A Most Violent Year

On January 14, 2015 by Lori Z

This is a guest post by JBFC Member and Film Blogger Albert Vieira

a_most_violent_yearDirector: J.C. Chandor/Starring: Oscar Isaac, Jessica Chastain, David Oyeloyo, Albert Brooks and Alessandro Nivola

Director J.C. Chandor, who helmed Margin Call and All is Lost, furthers his artistic ambitions with his new film A Most Violent Year. The film is already awash in Oscar buzz and deservedly so; it is often intense and gritty and is a fearless examination of how our mythical notions about the American dream often ignore its less attractive qualities; opportunism, ethical and moral compromise and hypocritical, capitalistic piety. Not a trace of sentimentality or sunny, optimistic contraband infect the narrative. It is riveting and merciless in its depiction of the baser instincts and drives that motivate humans to not only survive but thrive. And just when you think the film just might grant the audience some surcease from its grim view of free enterprise struggle in early 1980s’ New York, it reminds us forcefully how a bloody toll can often be exacted from such ambition.

Abel Morales (a terrific Oscar Isaac), along with his wife Anna (one more superlative performance by Jessica Chastain) own and run Standard Oil, a Brooklyn-based company that is rapidly expanding its client base, which often means running afoul of competition. Abel, though hardly a new arrival to American shores, carries the weight of his immigrant status on his person like his tasteful suits.

Chandor expertly shepherds the story through its maddening convolutions. His fascinating characters and the authentic setting are so warmly conceived, one feels as if the film had sprung forth from 1970s’ American cinema, when films like The French Connection and Serpico showed a seamier, less romantic New York. The aesthetic prevalent in those films is very much alive in Chandor’s film: natural lighting, grimy backstreets and warehouses contrast strikingly with a city skyline (replete with the former Twin Towers) that seems hopelessly beyond the reach of his characters.

Sidney Lumet is being credited for his influence but William Friedkin and Francis Ford Coppola could share as much. Abel’s car chase with a hi-jacked truck and the subsequent foot-chase on a subway platform and train are but a few nods to The French Connection while a key meeting scene in the film and Abel’s Michael Corleone-like (minus the violent tendencies) control are an allusive nod to Coppola.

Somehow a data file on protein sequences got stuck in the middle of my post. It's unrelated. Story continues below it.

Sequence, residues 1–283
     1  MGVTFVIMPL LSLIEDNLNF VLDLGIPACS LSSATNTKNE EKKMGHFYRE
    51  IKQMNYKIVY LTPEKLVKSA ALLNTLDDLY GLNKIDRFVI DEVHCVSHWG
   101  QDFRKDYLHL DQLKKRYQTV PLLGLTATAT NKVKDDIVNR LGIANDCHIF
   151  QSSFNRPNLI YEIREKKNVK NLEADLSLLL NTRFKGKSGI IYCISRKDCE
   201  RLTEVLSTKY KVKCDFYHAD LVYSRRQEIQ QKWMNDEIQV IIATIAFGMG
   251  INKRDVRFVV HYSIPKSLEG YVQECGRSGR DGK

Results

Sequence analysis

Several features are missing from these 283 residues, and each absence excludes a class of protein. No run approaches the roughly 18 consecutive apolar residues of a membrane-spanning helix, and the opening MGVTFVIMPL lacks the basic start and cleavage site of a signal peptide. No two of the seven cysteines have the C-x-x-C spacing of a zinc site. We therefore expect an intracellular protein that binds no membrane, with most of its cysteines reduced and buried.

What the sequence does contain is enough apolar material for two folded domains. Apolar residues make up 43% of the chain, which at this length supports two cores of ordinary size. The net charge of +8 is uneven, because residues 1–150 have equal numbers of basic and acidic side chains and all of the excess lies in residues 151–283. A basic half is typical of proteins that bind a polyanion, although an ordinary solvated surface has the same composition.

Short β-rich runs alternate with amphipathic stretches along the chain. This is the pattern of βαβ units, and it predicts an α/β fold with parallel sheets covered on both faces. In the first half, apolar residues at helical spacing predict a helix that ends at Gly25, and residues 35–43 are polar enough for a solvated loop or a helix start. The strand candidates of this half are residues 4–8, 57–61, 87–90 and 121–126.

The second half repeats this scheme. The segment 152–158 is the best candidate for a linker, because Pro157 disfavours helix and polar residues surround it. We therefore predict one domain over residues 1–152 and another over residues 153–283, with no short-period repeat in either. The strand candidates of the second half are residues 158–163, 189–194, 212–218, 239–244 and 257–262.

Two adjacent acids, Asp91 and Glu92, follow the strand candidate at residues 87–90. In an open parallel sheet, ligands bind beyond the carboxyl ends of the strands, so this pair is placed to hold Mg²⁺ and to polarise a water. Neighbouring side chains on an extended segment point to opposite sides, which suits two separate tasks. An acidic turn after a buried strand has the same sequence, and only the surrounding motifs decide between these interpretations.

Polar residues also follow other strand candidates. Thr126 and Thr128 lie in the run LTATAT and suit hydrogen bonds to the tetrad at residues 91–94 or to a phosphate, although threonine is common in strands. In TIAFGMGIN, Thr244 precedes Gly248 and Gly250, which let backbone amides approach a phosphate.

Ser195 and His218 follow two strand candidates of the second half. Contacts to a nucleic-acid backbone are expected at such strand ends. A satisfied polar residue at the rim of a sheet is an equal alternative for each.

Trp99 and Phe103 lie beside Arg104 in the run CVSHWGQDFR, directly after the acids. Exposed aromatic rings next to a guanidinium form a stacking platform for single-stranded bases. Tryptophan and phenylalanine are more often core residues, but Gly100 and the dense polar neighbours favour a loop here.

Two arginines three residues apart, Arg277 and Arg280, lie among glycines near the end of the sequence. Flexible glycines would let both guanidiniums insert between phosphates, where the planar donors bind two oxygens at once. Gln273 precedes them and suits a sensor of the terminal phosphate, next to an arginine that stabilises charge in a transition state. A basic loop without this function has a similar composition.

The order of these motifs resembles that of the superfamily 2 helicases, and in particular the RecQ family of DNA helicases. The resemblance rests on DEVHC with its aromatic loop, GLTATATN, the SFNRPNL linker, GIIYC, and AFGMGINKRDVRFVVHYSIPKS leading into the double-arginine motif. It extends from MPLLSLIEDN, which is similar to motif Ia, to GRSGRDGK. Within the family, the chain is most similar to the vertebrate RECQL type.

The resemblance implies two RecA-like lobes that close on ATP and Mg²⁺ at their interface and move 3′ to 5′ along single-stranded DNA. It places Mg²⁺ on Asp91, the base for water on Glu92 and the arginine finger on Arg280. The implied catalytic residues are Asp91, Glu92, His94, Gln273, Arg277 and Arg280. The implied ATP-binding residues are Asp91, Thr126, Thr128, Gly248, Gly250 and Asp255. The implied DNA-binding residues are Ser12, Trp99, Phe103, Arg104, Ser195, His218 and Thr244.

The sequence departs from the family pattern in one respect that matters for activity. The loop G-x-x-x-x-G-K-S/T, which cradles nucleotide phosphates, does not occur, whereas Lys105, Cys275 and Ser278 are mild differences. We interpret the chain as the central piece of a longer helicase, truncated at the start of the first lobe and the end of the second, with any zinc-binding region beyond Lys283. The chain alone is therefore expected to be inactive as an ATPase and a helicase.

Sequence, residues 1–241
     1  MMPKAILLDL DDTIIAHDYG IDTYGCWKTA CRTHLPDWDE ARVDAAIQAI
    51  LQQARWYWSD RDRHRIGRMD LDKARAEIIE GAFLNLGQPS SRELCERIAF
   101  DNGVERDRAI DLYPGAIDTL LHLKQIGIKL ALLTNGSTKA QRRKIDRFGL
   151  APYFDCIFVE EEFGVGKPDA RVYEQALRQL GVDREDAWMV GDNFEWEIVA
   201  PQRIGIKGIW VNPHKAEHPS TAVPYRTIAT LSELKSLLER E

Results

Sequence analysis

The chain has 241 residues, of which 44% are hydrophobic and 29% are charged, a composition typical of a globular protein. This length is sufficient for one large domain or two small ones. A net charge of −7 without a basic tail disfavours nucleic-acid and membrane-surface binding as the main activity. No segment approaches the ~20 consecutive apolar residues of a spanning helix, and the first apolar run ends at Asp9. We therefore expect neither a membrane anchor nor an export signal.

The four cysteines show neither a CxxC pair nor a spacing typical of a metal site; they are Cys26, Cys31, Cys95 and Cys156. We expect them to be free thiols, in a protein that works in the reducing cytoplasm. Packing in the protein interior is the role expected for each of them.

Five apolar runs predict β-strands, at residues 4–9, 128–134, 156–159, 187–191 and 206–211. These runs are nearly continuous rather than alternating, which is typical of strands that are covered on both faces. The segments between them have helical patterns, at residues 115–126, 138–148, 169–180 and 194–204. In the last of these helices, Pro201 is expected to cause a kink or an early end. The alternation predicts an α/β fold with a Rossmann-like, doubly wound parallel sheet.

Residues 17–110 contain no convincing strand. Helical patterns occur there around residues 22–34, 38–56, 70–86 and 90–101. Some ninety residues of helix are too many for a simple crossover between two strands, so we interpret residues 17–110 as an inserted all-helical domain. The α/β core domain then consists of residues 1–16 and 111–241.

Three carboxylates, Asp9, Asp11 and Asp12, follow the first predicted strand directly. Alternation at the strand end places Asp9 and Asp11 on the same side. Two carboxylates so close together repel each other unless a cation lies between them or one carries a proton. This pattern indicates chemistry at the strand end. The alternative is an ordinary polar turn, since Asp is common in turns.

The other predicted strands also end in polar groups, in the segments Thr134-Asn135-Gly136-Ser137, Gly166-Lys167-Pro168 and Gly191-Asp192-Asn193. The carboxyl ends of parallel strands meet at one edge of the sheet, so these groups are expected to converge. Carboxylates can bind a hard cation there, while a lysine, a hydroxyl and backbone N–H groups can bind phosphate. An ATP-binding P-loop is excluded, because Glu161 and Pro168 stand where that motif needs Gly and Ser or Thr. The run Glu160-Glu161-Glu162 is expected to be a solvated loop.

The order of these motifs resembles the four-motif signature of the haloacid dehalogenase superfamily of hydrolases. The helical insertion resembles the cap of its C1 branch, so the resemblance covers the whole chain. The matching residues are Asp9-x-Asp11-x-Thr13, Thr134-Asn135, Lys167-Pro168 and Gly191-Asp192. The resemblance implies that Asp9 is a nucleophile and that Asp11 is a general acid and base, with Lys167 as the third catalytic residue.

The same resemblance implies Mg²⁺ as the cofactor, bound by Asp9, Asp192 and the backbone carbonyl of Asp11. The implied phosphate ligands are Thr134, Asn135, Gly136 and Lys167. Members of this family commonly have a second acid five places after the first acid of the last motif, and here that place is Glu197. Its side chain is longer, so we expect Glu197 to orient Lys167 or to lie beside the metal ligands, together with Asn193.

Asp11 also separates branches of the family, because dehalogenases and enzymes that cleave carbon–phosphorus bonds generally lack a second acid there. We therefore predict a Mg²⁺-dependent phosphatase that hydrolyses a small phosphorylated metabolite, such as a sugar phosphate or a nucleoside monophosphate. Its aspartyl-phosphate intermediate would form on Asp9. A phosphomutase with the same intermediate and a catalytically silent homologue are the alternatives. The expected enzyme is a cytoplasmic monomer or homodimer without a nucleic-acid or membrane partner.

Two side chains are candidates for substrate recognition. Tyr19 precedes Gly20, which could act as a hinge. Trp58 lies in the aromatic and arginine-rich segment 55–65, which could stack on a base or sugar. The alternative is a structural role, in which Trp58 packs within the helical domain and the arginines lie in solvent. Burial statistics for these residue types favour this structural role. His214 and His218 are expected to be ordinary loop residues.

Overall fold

In spite of its tight, terrific plot, the fuel that propels the story are the performances. Isaac and Chastain are nothing less than mesmerizing while Albert Brooks seems to have found a new niche playing morally-dubious characters and he does it well. Alessandro Nivola and David Oyeloyo don’t skimp on their performances either in their supporting roles.

Chandor keeps the story moving and though the title suggests the film might be bloody, violence never really finds full flower, which is quite surprising; given our expectations.

It is very interesting that Chandor recognizes ethnic minorities as emerging economic and political forces in New York power-struggles. Abel’s business ambitions and Lawrence’s political aspirations represent the shift in New York’s sociopolitical make-up.

Chandor’s perspective on capitalism is decidedly cynical. Though Abel represents the best of a sordid lot, he is far from being a figure of unassailable probity. His “the result is never in question, just the path you take to get there,” is a euphemized the end justifies the means. He also tells the district attorney he chose the right path to his success; which is ambiguous at best. Note that he says right and not righteous. What is right for Abel isn’t necessarily ethical. But A Most Violent Year, like its great 1970s’ crime film pedigree, is too smart to believe the American Dream is a moral absolute. Chandor knows it sometimes sullies hands and bends character to its breaking point.

This is a masterful film, told with intelligence and precision. Chandor’s talent is beyond question. I hope his next cinematic venture is as absorbing as his latest. He is someone to keep our eyes on.

To read Albert’s full review (warning, contains spoilers!!), visit Al’s Omniflick.

A Most Violent Year opens at the JBFC on Friday, January 16. Tickets are on sale now!

Check out this clip from J.C. Chandor’s interview with Janet Maslin at a screening of A Most Violent Year on January 5 at the Burns.

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